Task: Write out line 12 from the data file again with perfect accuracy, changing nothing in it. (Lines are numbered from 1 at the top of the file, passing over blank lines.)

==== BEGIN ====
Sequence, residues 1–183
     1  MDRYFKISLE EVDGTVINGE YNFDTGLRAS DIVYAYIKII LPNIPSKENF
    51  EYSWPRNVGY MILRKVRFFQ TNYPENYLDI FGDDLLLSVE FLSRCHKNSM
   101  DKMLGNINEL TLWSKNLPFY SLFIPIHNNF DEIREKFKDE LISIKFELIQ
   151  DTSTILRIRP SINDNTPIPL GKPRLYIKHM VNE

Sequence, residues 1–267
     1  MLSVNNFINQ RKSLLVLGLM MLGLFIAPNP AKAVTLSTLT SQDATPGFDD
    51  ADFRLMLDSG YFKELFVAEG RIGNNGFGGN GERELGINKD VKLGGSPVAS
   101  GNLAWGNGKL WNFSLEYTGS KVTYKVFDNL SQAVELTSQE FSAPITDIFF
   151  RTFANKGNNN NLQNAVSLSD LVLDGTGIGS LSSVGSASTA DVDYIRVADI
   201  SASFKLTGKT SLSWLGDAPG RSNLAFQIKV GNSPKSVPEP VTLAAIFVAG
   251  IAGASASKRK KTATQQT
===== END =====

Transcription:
   251  IAGASASKRK KTATQQT